I have read a bit on this, and instead of taking my jeep to somebody to pay them and weld i want to do it myself. But things like stiffeners, sliders, minor things around the jeep, up to 1/4th possibly.
Now i know the HF welders are not worth my time, but yet i dont have enough $$ to throw down on a 400-500$ hobart or lincoln really..
Is there a happy middle option? that runs on 120v, decent duty cycle, mig
so you dont have a dryer outlet? Ive never heard of a house not having 220, the line that comes in off the power line from the transformer to the house is always 220-240v. Usually always 1 hookup in the house, the AC uses 220 as well.
07 JK 2D X model with 6 speeds. Full Traction 3" ultimate lift kit. 315x75x16 Toyo Open Country M/T on Rock crawler procomp rim. Ruby dana44's front sleeved inside/outside C truss and rear with 5.13's gears. Homemade rock guards, rear bumper w/tire carrier, oilpan/tranny skid, evap canister skid, light bar, switch pod. Riddler diff covers, Cobra 75 w/wilson antenna, Polk speakers, 10" sub, 2x Amps, Lightforce 240 drive light, backup lights, rock lights.
no expert welder by any means, but have burned quite a few things..... here's my opinion..... i have tried several welders, including a HF welder, a campbell hausfeld, a lincoln, and a hobart (110 & 220) with the cheaper welders it was hard to get a good constant line feed..... which makes learning how to weld impossible..... everything with the higher end welders is better quality therefore more dependable/easier to learn on. i couldn't do crap with the Hf or CH..... but with the lincoln and especially the hobart.... i'm actually not half bad!!! if i was you, i'd save until i could afford the welder i wanted. not buy a cheapo to learn. learn on what you're gonna use!!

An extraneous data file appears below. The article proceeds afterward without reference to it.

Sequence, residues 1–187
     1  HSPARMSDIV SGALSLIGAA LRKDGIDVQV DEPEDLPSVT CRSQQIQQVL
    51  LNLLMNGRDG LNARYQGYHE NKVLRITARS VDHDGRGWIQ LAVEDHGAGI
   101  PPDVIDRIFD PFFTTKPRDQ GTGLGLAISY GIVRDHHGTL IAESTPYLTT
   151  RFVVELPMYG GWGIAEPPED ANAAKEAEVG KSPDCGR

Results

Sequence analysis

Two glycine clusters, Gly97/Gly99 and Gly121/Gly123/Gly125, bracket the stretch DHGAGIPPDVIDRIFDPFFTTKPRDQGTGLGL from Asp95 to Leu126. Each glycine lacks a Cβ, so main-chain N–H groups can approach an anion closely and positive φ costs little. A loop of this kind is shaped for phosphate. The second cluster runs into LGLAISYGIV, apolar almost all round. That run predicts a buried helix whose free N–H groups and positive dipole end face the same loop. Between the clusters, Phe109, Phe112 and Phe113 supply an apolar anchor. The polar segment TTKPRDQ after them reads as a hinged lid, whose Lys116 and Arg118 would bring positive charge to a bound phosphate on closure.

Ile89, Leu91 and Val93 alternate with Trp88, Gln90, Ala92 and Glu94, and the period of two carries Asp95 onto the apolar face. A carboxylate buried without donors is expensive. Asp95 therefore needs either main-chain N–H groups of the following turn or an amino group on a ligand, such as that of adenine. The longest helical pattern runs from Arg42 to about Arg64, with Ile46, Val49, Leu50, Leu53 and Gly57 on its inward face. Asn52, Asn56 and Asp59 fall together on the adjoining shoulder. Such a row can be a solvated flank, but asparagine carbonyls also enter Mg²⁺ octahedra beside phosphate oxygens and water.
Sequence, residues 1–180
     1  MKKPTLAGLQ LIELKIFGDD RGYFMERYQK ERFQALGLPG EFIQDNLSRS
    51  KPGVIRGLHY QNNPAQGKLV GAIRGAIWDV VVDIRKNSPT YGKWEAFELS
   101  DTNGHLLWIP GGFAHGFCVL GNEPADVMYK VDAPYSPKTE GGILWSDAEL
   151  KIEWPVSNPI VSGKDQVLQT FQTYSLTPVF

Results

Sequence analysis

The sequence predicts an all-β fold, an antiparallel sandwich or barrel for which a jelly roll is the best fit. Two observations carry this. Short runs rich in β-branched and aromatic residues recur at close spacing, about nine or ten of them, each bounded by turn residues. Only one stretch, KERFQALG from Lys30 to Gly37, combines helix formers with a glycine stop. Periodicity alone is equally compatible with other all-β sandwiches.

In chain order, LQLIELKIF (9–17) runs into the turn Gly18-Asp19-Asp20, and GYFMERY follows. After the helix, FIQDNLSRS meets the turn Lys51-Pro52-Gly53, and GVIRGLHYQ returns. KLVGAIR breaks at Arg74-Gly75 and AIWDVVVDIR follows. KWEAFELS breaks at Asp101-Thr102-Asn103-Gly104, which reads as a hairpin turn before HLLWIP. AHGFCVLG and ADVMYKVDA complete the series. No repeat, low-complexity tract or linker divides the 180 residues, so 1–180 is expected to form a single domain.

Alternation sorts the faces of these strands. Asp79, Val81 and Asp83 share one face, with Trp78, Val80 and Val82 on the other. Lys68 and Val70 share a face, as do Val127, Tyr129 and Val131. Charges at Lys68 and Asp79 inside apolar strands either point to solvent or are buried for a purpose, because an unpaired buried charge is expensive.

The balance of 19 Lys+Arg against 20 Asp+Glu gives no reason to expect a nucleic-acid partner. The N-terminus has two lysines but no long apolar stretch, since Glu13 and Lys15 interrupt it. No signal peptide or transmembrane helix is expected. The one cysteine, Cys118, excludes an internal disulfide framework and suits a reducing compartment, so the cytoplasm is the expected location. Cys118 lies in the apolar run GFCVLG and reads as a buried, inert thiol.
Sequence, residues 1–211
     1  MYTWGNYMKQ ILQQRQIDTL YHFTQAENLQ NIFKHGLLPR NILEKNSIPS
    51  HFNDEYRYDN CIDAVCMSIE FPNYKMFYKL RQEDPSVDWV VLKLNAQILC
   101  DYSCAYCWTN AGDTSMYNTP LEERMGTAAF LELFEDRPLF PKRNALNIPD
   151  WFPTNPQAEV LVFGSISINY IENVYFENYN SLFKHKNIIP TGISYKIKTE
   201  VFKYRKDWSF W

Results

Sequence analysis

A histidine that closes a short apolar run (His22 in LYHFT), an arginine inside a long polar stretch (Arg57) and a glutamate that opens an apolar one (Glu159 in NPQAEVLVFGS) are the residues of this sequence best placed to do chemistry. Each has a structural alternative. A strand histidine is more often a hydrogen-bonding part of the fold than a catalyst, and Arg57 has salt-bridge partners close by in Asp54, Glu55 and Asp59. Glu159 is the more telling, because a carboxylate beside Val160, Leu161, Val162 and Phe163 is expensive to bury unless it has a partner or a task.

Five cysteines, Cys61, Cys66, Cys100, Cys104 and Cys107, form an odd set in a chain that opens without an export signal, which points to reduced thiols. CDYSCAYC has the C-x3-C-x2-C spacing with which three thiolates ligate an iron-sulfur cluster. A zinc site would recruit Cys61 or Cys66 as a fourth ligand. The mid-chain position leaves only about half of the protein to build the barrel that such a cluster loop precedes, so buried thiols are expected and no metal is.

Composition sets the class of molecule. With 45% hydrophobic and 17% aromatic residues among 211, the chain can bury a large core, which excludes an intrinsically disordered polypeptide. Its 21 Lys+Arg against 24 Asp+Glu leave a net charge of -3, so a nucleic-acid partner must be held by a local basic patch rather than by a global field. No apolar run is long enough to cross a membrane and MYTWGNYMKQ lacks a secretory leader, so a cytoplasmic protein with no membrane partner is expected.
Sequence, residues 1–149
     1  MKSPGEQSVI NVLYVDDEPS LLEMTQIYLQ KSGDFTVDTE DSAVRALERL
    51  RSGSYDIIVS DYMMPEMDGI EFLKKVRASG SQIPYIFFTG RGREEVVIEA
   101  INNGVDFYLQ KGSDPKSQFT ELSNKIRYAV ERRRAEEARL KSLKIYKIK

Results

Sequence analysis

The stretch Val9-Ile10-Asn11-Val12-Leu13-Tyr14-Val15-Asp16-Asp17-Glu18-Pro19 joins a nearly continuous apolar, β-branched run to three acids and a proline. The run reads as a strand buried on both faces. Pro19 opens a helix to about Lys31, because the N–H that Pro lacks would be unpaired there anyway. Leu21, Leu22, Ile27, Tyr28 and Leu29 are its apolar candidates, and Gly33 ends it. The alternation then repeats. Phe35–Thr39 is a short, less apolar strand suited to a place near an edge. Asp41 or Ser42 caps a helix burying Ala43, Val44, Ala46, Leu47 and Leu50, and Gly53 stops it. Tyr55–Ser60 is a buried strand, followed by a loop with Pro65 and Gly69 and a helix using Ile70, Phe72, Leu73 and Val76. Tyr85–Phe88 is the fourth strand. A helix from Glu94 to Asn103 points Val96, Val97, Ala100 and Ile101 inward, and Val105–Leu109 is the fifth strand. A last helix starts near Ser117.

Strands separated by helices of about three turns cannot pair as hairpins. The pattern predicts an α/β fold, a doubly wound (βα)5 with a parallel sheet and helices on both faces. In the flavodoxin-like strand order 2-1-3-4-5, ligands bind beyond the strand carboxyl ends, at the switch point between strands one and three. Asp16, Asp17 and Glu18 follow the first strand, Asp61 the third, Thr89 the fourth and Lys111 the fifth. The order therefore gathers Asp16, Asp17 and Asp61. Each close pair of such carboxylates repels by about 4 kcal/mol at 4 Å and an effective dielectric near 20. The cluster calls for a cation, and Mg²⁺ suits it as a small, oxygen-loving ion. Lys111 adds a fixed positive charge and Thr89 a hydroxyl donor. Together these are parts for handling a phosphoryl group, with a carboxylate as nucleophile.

"IF YOU CAN'T DAZZLE THEM WITH FACTS, BAFFLE THEM WITH BS"
the biggest issue for me when I had my first cheap 110v welder was the duty cycle.
when welding 1/8" or thicker material,the welder would heat up and then shut down(thermally protected)
and I would have to wait for it to cool down before continuing.
even welding sheet metal,once the welder got hot,it would shut down and I would have to wait.
any money spent on a cheap welder is that much less to spend on a good one.
an extension cord to the stove or dryer plug should take care of your 220v issue.
X100. DO NOT BUY the HF welder! As mentioned, search craigslist. I have seen many nice welders for cheap on there. A Lincoln, Miller, or Hobart 30 amp is good as long as you are not making safety related items, such as spring perches or receiver bumpers.
__________________ 1985 Jeep CJ-7
Automatic-258 I6- Detroit lockers front/rear - Superior 1-piece axles, Ramsey Pro 9000 Winch, Quick Disconnects, 33 BFG AT's, 4.10 gears, Howell TBI, DUI HEI Ignition, Ground Pounder Rear Bumper / Tire Carrier Combo, Handen Fab integrated winch plate front bumper w/hoop, ORF weld-in front sport cage.
If you buy a good quality used welder it will most likely last you a lifetime. My first welder was Lincoln stick welder, still have it after 15 years and it was used. I can weld just as nice a bead as many folks can with a mig and it's got plenty of amps to burn anything in that you'll ever need to weld. My point is that you could get by with a stick welder and get one cheaper than you might a mig. Some say a stick is harder to weld with, but I think if you're going to weld you might as well have the skill to use whatever you have, even a stick.
I do not have a 220 volt outlet. 110 is the only way for me. there are plenty powerful machines that run off 120v. just
You won't find any "plenty powerful machines" that run on 110v. 140 amps is it for a 110v welder and you'll quickly learn how limiting it will be if you start trying to weld big pieces of even 3/16". That is why I sold my 110v Hobart welder and bought a Miller 180 amp 220v welder.
I didn't have 220v in my garage either, I moved my laundry room's 220v dryer outlet into my garage which works fine. All I had to do was install the right kind of outlet (NEMA 50-R) to match the welder's 220v type of plug.